The first step: Make sure the rope you choose is the right length -- it should reach to your child's armpits when she's standing on the center of it. (If it's longer, she'll wear herself out; if it's too short, it'll catch on her feet.) Start with a lightweight plastic one, since it's easier to turn. Once your child gets the hang of jumping, she can graduate to a heavier gauge rope that offers more control.
To get started: Try these tips from Jane Pickett, of the U.S. Amateur Jumprope Federation:
- Have your child practice jumping with her feet together, without the rope.
- Teach her to move the rope around her body: Ask her to grasp it firmly in each hand and let it hang behind her heels, so it touches the ground. Then have her swing the rope over her head and stop it on the ground in front of her feet. She should swing it back to her heels again, without jumping. Repeat.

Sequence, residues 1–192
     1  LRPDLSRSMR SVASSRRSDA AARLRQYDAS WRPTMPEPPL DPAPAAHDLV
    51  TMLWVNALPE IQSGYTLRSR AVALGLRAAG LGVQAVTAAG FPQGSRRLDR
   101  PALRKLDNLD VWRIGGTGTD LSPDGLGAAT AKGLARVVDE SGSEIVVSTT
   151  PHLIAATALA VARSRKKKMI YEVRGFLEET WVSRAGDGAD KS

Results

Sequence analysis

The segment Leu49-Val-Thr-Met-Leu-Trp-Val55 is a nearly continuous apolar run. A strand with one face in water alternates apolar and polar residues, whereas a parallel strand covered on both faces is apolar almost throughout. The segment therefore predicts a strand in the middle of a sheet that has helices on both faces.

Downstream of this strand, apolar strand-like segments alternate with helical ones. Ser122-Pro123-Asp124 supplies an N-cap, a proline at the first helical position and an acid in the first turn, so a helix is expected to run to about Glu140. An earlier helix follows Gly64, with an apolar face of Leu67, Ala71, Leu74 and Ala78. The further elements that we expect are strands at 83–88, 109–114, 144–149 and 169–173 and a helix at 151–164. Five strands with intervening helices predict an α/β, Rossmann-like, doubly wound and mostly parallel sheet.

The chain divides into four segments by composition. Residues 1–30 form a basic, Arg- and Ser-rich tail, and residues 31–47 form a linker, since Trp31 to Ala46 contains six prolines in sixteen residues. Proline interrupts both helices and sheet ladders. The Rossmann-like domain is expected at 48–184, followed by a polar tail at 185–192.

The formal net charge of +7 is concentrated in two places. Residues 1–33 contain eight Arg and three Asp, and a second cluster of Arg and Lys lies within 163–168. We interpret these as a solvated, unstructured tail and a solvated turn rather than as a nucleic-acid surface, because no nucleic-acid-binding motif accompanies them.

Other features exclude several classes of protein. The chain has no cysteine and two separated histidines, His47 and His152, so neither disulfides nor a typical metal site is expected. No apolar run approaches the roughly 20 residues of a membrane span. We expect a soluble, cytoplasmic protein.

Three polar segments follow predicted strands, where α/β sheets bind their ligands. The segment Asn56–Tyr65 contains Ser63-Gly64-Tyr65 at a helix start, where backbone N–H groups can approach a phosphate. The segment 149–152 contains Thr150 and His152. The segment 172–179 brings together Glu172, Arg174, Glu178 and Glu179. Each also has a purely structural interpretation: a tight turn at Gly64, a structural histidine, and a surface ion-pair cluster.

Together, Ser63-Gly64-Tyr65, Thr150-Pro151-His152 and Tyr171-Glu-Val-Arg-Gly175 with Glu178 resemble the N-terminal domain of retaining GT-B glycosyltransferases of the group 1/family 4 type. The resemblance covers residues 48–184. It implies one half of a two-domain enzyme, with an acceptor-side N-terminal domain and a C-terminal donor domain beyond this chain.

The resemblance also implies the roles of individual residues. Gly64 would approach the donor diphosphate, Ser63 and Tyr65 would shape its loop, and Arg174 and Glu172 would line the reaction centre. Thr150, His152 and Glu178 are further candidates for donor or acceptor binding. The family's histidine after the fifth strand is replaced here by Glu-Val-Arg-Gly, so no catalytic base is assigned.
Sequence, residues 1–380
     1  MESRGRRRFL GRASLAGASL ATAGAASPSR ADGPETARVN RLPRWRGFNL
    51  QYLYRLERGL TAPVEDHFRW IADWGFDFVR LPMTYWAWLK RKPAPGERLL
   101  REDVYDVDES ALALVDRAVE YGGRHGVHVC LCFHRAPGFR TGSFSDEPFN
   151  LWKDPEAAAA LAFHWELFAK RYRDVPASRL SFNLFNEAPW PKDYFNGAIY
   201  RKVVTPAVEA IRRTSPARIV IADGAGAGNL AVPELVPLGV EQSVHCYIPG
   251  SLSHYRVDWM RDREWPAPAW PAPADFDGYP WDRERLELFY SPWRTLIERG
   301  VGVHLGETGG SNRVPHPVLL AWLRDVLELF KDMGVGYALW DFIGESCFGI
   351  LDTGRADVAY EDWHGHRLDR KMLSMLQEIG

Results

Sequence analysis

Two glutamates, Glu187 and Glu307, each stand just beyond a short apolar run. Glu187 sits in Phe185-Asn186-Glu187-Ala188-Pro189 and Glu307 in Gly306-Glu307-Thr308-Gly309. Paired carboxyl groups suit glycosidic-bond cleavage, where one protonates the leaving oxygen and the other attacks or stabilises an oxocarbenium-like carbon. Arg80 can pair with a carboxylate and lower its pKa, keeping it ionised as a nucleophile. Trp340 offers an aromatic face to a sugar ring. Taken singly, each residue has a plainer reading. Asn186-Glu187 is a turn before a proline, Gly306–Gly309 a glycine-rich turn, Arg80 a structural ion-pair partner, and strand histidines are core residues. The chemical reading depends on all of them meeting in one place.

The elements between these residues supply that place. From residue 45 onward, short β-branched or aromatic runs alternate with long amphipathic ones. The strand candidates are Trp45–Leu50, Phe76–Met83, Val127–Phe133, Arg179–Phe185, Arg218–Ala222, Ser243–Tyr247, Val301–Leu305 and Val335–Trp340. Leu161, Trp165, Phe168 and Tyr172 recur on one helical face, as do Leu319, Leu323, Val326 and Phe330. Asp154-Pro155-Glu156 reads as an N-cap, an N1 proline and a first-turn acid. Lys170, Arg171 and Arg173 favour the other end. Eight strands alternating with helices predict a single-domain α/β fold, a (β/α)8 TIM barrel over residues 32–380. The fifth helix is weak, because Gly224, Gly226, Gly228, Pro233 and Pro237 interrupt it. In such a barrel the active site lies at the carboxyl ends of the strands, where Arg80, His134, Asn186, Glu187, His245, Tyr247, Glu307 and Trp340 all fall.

- Encourage her to look straight ahead (not down), tuck her elbows in, and keep her hands low -- by her pockets.
- When she gets the hang of the swing, let her hop over the rope after it comes to rest at her feet.
- Have her repeat, while slowly building up speed.
- If she's having trouble, she can jump with a friend who's already mastered the skill (you'll probably be too tall). While they both move under one longer rope, have her friend do the swinging while your daughter focuses on her hopping.